Coase is right

There was a very insightful post up on Harvard Business Review from the hands of Ronald Coase. ((Coase wrote a seminal paper in 1937 called “The Theory of The Firm“. He argues that the existence of firms is not because of their value proposition or their unique offerings. No, the real reason is that the transaction cost of coordinating production within a firm is lower than organizing the same through the market. Or in other words, the reals business of a firm is getting people organized.)) Basically, what he suggests that economics has gone a long way to become a theoretical approach of economization. Econometrics is a good example of this. One should not forget economics is not a hard science, and is largely influenced by society, politics, history and culture. This is so obvious to me. What is really matters today is transition and inclusivity. Anyway, so instead, economics should orient itself more on real-world issues and appeal to a broad audience. It should go back to its roots: the study of man and its wealth in order not to lose its face. ((There seems to be a general trend towards the loss of confidence in science. See this Dutch article in Belgian newspaper De Standaard for instance; it discusses how a scientist’ success directly correlates with the number of “controversial” academic papers. This leads to a loss of quality and fraud practices.)) Couldn’t agree more! Here a few thoughts.

Especially in times of an economic meltdown, or financial crisis, we are looking for answers. The newspapers are not lying. Just read the headlines. So why is it that more and more companies  are outsourcing their business processes to near- and offshore locations? How come an automotive company like Ford moves it manufacturing plants from one European country to another? Why do top-managers receive such exaggerated bonuses while its them who are responsible for a loss of jobs? The numbers don’t lie and Standard & Poor, Moody’s and Fitch keep on downgrading our credit ratings. It seems we’re inches away from misery. What I try to convey is this: it is important that we understand why things are happening and what we can do about them. hat’s why so many people today value philosophy books again, cause they lost confidence in the economy all together. But one should still keep in mind that there are still both bearish and bullish markets. Just look at the stock exchange: it shouldn’t stop us from investing. That’s one thing. Secondly, like Coase argues, governments are increasingly taking over and the situation is out of balance. I am just not convinced Keynesianism is going to settle our debts either, nor do I say a planned economy will. Entrepreneurs and business leaders are losing it too and it seems to them economics to offer very little practical insight for managers and entrepreneurs. That is why they fall back on their own business intuition, personal judgment and heuristics for making decisions. The fall of Greece was mainly due to mismanagement. Another example is the one-minute manager hype. Management by perception is just not right. You need to look at the numbers and rely on data to make decisions and solve problems. It shouldn’t be so hard to calculate the Net Present Value (NPV) in order to assess investments. A cost-benefit analysis will help you structure your thoughts. The Capital Asset Pricing Model calculates if a given rate of return of a certain asset in a portfolio is reasonable or not. These are just a few clear techniques that entrepreneurs and managers alike can directly use. Economics is not rocket science.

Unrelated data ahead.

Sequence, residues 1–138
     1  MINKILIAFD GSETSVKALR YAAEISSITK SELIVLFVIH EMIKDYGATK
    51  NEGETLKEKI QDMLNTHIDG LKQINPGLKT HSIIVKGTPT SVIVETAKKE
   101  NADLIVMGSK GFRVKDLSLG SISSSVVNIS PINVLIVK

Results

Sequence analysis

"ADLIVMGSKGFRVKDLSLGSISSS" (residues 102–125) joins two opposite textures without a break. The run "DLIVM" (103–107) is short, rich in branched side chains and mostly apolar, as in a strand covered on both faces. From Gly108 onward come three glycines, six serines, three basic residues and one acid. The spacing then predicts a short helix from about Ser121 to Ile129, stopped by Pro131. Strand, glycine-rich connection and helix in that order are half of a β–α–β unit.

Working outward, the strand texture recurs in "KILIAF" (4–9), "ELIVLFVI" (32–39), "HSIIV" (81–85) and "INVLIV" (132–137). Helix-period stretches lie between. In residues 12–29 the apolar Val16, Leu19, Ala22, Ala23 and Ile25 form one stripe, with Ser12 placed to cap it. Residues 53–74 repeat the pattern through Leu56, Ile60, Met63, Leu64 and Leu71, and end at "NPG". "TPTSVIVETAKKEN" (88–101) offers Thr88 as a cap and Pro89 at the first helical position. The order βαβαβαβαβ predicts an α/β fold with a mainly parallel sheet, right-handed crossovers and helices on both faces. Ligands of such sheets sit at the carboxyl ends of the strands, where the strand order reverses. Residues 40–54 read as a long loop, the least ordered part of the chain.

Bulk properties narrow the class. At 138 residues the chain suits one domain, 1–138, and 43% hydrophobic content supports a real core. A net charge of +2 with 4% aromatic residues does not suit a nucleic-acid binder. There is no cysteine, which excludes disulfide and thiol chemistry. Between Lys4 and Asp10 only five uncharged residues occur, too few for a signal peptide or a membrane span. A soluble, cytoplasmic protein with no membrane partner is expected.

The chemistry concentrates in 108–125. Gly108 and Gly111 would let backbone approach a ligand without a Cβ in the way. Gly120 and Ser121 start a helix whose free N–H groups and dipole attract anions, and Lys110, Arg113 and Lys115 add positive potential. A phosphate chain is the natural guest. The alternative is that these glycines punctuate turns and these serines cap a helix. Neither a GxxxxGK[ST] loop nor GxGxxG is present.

Today, the only constant seems to be change. We are much more interconnected, diverse but in order to deal with contemporary issues we need to keep empirically study both the past and present. Too much of government intervention can never be good and we should look for a new normal. What is broken can’t be fixed, right?  And frankly speaking: innovation and employment shouldn’t be left up to the government alone. My 2 cents!

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